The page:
She added that rumors about the maintenance of the helicopters were offensive, as the pilots were highly skilled and flew these helicopters every day, and would not have taken off if they were concerned about maintenance standards.


Working on Fire pilots flew a total of 9 800 flight hours with Hueys in highly dangerous areas without any fatal accidents, Leeuwner said.

The two crashes cannot be explained at this stage and are being investigated, she added.

Pilot Hendrik Bees Marais, 77, was killed in a crash while fighting a fire near Cape Point in March. In April, Darrel Rae, 39, and Jastun Visagie, 23, were killed when their helicopter crashed in Bainskloof.

Department of Environmental Affairs spokesperson Zolile Nqayi confirmed to Netwerk24 that the helicopters are maintained on a regular basis, and audited four times a year. 


Explosion caught on camera as hangar burned at David Wayne Hooks Memorial Airport (KDWH), Houston, Texas


 SPRING, Texas -- An explosion was caught on camera as a hangar burned at the Hooks Airport. 

 The owner of the hangar was in the middle of an interview, when something inside the building caused an explosion.

The owner said he believed it was his mother's car that caused the explosion.

The hangar caught fire Sunday afternoon at the airport in northwest Harris County.

The owner is a Christian minister who was volunteering with a group of Boy Scouts on Lake Livingston when he was notified of the fire.

He said the items in the fire were worth over a million dollars.

Harris County firefighters were on the scene, working the fire. No one was reported injured in the incident.

The cause of the fire is under investigation.

Previous Fire:   Saturday, June 26, 2010

SPRING, Texas - Firefighters in Northwest Harris Co. had their hands full at Hooks Airport on Saturday, June 26, 2010. They tried putting out a two-alarm blaze, but had a tough time since there were no water hydrants close by. Hooks Airport is on Stuebner Airline Road in Spring.
At about 3 a.m. on Saturday, an off duty sheriff's officer notified the Klein Volunteer Fire Department about a burning hangar.

"There was a fire on the South end of the hangar," said Lt. James Bolton with the Harris Co. Fire Marshal's investigation. "When they came over, they saw a fire on the roof area on the South end. [The] fire appeared to be moving to the North."

Firefighters from Champions, Spring, Klein and other departments rushed to Hooks Airport where they found a single large hangar in flames. There was a helicopter inside of the hangar and other materials.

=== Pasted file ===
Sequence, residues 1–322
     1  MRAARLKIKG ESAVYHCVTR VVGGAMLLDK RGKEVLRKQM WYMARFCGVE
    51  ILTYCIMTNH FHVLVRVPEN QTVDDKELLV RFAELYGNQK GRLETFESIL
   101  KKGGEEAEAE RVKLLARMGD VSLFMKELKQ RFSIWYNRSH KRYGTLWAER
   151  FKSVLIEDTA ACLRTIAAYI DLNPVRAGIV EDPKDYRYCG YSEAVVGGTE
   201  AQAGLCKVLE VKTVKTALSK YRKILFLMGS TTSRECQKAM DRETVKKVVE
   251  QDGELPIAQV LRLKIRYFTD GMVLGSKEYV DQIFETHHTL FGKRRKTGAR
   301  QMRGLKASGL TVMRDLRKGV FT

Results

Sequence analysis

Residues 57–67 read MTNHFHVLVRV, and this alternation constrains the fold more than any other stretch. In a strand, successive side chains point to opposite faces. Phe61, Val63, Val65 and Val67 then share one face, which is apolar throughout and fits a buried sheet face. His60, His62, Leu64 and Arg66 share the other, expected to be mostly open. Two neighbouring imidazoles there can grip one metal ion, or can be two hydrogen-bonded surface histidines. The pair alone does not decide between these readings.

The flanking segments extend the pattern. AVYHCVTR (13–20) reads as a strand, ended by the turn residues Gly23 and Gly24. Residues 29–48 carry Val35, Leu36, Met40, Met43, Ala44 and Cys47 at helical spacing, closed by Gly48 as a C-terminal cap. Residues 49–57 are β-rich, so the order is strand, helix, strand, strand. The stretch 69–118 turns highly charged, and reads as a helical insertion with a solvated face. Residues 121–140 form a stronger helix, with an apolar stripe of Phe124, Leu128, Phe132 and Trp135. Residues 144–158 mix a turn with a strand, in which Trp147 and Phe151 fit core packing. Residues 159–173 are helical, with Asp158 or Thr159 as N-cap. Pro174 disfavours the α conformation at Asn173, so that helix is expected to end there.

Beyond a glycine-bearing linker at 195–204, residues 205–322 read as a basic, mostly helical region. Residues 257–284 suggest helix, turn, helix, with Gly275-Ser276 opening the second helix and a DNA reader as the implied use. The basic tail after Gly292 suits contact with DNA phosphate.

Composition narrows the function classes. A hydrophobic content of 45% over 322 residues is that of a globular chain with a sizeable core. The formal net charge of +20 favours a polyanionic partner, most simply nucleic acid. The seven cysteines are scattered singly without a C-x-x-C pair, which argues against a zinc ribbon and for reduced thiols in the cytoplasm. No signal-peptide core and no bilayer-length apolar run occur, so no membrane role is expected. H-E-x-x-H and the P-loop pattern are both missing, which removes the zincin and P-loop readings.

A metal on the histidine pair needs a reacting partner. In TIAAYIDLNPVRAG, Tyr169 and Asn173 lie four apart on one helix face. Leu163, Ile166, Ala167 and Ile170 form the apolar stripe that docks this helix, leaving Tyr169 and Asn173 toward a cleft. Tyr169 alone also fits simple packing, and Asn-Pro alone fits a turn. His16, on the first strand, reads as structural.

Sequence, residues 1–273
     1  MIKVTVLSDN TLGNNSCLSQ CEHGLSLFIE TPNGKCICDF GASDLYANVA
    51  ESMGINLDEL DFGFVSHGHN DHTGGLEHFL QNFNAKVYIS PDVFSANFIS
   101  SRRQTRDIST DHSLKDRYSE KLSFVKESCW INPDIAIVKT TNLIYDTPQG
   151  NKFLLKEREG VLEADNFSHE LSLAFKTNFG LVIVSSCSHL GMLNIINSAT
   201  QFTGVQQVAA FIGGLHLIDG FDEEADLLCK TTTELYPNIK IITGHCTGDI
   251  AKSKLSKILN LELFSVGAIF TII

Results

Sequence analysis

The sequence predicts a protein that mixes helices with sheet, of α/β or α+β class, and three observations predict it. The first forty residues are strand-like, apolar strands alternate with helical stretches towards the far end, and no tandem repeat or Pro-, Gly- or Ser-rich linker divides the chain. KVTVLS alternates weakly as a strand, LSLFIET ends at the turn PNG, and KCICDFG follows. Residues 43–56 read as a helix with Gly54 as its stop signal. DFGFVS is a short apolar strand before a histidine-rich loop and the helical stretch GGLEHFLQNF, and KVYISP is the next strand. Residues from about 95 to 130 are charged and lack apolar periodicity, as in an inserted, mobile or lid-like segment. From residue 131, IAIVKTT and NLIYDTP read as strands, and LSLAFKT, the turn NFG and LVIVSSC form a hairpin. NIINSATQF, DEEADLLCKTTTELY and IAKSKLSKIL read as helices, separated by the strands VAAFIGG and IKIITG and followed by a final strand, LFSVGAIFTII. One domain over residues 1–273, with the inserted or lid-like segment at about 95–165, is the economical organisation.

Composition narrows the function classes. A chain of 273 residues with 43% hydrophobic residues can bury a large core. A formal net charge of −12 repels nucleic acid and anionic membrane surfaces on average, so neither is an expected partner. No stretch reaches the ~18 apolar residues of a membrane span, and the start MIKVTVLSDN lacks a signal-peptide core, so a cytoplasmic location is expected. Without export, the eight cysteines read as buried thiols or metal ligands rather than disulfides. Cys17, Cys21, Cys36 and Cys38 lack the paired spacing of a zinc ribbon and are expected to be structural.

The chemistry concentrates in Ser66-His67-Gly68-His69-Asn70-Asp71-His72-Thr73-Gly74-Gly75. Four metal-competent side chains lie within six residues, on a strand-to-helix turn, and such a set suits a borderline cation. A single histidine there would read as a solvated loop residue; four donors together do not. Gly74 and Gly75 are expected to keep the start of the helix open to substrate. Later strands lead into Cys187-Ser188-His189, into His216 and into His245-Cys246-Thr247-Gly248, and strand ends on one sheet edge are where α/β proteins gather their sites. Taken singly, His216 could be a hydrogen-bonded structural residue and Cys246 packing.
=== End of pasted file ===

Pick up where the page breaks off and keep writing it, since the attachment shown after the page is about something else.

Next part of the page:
"Hanger appears to have a lot of engine parts; engine components; things like that in it," said Doug Wilson, who's a district chief with the Klein Fire Department.

The reason why this fire started is still unclear. Klein's Fire Department chief, David Bessolo, told 39 News it's so severe that determining a cause could take days.

"It's still under investigation. We're waiting on suppression efforts to finish," Bolton said. "Witnesses that we've talked to so far said that they were notified by life flight, actually."

The Harris Co. hazmat team evaluated the situation since air craft parts inside of the hangar are made out of magnesium. Magnesium is a light-weight metal that burns extremely hot.

"We had one firefighter who had minor injury," Wilson said. "He's been treated and released on scene."

Since there are not hydrants at Hooks Airport, the challenge was having a limited water supply. Klein's Fire Department said managing the water was a "critical element."

"We needed to establish a pretty long hose line," Wilson said. "A five inch hose all the way from the sea plane base over to the fire. And then we had to boost the pressures because that's a pretty long way."

Having no hydrants at Hooks Airport made it tough, but didn't stop firefighters from finding a way to get the job done.

There was a similar incident at Hooks Airport in Dec. 2009. Several planes burned inside of the hangar at the time of that fire.